Prof. Yohuru Williams faced a tall task: How, in a single speech, do you set the stage for a decade-long, faith-based initiative of truth telling, education, and repair with Native American and African American communities in Minnesota?
The talk, given Sept. 25 at Plymouth Congregational Church, brought in many voices from the struggle: James Baldwin, Isabel Wilkerson, Frederick Douglass, Stokley Carmichael and Dr. Martin Luther King, Jr. It included a number of historical and personal stories as metaphors for our current work of addressing racism.
His talk would return to a central theme: “Good words are not enough.”
We continue with our art tour of other state capitols to see what lessons Minnesota might learn as we reassess our controversial capitol art. (Information on capitol art in Minnesota and other states is collected on 0ur Capitol Art page.)
Continuing alphabetically, today we visit the Idaho State Capitol: “The Capitol of Light.” The Idaho Public Television self-guided capitol tour notes that architect John E. Tourtellotte:
was inspired to create a building that emphasized natural light and used it as a decorative element. He used light shafts, skylights, and reflective marble surfaces to capture natural sunlight and direct it to the interior space. For Tourtellotte, light was a metaphor for an enlightened and moral state government.
The Idaho Capitol went through a major renovation in the late 2000s. That experience provides an interesting case study for Minnesota. During the renovation, the Idaho legislature met temporarily in the Ada County Courthouse near the capitol. The meeting space featured a large Works Progress Administration mural depicting a lynching of a Native American man. The question was: Do you cover or remove the mural, or do you provide better historical interpretation?
We wrote about this issue in our June 28 blog, but it is worth repeating here. Idaho state leaders consulted with Native American leaders and opted at the time to add interpretative plaques. More recently, the University of Idaho-Boise Law School has moved into the courthouse space, now the Idaho Law and Justice Center. University leaders revisited the question of the murals and recently decided to cover them. Lee Dillon, the Associate Dean of the College of Law, explained why to the Spokesman-Review:
The building historically has been a courthouse first, a legislative annex secondly, and now a center for law and justice. … All three institutions stand for the rule of law, due process, and for justice for all. And extra-judicial lynching posters are contrary to that – it’s mob rule, it’s absence of process, and certainly not justice for all. So I don’t feel that passive posters, even with the interpretive language, are appropriate to our educational and outreach mission.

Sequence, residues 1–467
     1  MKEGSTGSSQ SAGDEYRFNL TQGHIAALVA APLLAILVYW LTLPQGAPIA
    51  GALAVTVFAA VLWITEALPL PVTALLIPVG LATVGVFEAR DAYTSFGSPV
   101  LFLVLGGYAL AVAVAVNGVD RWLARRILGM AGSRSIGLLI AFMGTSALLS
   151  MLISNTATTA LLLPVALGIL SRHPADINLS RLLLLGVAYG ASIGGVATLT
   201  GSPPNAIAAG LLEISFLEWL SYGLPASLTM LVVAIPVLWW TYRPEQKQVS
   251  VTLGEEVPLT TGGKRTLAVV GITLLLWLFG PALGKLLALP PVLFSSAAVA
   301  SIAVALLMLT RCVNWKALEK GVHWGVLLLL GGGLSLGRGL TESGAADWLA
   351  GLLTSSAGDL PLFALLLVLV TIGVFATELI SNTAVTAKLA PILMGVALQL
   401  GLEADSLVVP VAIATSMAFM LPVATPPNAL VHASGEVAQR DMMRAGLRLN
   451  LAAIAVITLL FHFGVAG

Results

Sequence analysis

Is this the kind of painting that we want in our legislative chamber? Does it represent our core values and aspirations? What does it say about freedom of religion?
Let’s return to the Idaho State Capitol. Inside or outside, the capitol art doesn’t acknowledge the history or presence of Native peoples of the state.
Inside, the Idaho capitol has portraits of governors and legislators, and statues of George Washington and a replica of The Winged Victory of Samothrace (a gift from France following World War II). The capitol rotunda’s floor is decorated with the State Seal of Idaho (the only State Seal designed by a woman, Emma Edwards Green.) The motto Esto perpetua is Latin for “May it endure forever.” The seal features a miner (representing the state’s major industry at the time) and a woman holding the scales of justice.
Outside, there are six monuments on the capitol grounds, mostly national in character such as a replica Liberty Bell. One local memorial is the “Pioneer Monument” honoring the Oregon Trail.
Until recently, the statehouse featured large textile murals titled “Legend of Dreams.” The series of three murals depicted northern Idaho, southwestern Idaho, and southeastern Idaho. Created in 1989, the mural included symbolic references to Idaho’s Native peoples. According to a description by the University of Idaho, the top band of the murals was a timeline “that tells a symbolic narrative of Idaho’s history from the first people to the present. …”
The mural was removed during the renovation. Restored skylights would have exposed the mural to direct sun. Preservation required a new space. It was given to the University of Idaho-Moscow in 2010.
The capitol has additional space dedicated to temporary art exhibits for state artists, approved by the Capitol Commission. The application guidelines indicate that proposed exhibits cannot be: “partisan, controversial, offensive, political, or blatantly commercial.” One current exhibit is Idaho: City of Trees, featuring landscapes from across the state.